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PostPosted: Wed May 07, 2014 11:51 pm 
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Location: Perth, Western Australia
In races with neutral support the bikes get set up to accept the wider rims the team is using ie: Zipp, Bontrager Aeolus etc. If a narrower neutral service rim ie: Mavic or Shimano gets swapped in they can close the quick release partially or fully to compensate for the narrower rim.

And as @ rico said, many sprinters and climbers do it out of habit or to eliminate any potential brake rub.
The big sprinters push out way more power than any of us, so might experience brake rub or flex in the frame we are just not able to replicate.


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PostPosted: Thu May 08, 2014 12:03 am 
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Flexing the front wheel under load climbing, yeah...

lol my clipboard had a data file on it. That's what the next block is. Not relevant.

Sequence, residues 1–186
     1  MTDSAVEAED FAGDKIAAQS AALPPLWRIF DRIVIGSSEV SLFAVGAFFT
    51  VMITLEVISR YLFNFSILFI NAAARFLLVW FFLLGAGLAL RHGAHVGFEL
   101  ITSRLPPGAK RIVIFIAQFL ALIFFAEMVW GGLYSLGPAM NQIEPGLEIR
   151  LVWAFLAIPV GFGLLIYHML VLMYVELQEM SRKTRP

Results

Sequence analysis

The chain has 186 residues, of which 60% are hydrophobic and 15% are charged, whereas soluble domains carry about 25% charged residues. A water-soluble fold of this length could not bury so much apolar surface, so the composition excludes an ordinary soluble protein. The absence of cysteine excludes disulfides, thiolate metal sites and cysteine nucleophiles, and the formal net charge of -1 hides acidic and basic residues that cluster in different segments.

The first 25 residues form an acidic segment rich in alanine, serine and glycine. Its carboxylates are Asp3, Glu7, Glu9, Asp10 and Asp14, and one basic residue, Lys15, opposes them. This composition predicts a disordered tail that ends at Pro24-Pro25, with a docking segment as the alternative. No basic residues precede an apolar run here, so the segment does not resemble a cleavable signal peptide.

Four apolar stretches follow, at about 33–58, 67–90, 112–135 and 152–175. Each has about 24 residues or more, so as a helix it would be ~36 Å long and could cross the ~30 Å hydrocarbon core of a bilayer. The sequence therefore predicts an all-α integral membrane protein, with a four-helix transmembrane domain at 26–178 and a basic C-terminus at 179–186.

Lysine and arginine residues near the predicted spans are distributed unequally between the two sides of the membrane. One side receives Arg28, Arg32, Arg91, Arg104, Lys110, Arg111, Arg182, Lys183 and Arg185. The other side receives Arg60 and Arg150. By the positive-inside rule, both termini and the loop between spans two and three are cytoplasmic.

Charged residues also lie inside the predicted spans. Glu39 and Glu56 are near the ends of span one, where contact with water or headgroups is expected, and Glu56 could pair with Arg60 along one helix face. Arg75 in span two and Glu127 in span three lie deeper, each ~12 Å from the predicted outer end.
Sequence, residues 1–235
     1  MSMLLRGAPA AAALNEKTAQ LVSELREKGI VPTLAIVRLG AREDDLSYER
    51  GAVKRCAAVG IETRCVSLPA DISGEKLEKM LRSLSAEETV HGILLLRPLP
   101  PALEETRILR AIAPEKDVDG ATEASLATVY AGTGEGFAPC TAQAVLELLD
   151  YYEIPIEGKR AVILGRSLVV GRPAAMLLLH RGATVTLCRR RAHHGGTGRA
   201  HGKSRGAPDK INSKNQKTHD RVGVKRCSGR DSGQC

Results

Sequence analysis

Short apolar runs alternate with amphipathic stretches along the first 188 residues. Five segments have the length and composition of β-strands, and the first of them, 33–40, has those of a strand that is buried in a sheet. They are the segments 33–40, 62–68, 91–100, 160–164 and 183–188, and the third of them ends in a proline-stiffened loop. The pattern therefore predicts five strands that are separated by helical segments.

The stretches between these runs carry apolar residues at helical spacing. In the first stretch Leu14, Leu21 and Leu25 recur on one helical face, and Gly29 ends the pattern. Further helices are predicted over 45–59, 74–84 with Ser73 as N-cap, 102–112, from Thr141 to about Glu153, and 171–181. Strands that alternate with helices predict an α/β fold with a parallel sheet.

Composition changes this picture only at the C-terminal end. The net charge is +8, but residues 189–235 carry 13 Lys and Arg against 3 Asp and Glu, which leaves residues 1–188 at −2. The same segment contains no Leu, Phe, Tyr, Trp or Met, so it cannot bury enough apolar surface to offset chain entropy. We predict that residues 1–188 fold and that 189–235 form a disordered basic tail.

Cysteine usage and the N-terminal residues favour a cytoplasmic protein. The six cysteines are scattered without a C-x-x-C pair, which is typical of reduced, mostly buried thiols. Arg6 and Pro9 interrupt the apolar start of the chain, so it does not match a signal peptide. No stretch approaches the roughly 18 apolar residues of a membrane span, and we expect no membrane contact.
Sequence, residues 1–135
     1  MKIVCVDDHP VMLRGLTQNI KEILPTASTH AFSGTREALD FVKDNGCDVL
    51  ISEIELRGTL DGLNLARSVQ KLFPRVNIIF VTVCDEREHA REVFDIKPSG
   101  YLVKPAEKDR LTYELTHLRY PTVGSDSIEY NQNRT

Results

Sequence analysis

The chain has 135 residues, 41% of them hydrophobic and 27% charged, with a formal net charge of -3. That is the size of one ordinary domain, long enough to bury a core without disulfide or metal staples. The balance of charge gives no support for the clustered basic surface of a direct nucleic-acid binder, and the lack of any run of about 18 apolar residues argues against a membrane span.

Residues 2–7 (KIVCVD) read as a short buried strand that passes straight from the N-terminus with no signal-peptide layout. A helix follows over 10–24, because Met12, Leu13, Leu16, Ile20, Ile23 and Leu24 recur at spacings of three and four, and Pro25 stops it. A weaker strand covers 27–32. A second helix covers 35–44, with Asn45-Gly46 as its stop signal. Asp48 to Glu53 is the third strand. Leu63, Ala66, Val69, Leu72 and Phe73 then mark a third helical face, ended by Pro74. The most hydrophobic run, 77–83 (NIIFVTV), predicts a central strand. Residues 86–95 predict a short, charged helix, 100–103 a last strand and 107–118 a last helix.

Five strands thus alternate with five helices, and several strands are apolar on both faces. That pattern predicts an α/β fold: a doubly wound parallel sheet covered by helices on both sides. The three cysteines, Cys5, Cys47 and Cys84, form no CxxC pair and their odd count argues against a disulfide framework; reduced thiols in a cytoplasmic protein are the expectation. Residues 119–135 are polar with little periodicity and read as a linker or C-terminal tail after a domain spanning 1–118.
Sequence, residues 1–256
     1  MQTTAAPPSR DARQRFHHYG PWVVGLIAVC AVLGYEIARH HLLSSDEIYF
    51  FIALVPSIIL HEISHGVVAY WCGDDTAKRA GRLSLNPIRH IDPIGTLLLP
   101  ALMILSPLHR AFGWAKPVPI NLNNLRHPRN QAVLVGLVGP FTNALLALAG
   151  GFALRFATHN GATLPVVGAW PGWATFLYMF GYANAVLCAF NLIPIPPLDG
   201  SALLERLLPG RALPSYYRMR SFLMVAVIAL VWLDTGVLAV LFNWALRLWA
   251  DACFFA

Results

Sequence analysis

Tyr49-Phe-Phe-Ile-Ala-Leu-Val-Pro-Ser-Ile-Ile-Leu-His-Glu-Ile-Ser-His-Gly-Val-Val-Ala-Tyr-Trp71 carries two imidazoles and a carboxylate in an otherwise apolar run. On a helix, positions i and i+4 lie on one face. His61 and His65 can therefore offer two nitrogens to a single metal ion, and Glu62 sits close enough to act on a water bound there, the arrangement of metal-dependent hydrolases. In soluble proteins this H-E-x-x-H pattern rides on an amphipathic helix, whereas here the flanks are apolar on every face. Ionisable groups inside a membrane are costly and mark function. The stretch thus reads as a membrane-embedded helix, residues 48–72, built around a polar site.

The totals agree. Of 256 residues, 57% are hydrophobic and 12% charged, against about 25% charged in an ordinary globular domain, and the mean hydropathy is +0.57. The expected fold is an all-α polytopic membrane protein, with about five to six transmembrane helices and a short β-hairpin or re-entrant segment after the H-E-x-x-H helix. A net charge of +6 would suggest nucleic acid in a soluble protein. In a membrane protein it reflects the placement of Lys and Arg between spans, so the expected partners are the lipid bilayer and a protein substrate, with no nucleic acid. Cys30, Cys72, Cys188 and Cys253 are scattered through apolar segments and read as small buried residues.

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PostPosted: Thu May 08, 2014 12:35 am 
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Carbon rims don't flex more but lower spoke count wheels often times do. Spokes are thinner and lighter and spoke tensions remained the same while other wheels like ksyriums and eurus got higher tensions and bigger spokes. So, opening the brakes is a tradition that isn't going anywhere for a while. Its a tradition to open up the brakes on a climb or sprint. Its like taking a drink from a bottle before tossing it away. And as with most things it is mostly mental. Been a tradition since way before my time!

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PostPosted: Thu May 08, 2014 12:35 am 
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is there an echo in here

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Last edited by hasbeen on Thu May 08, 2014 1:05 am, edited 1 time in total.

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Posted: Thu May 08, 2014 12:35 am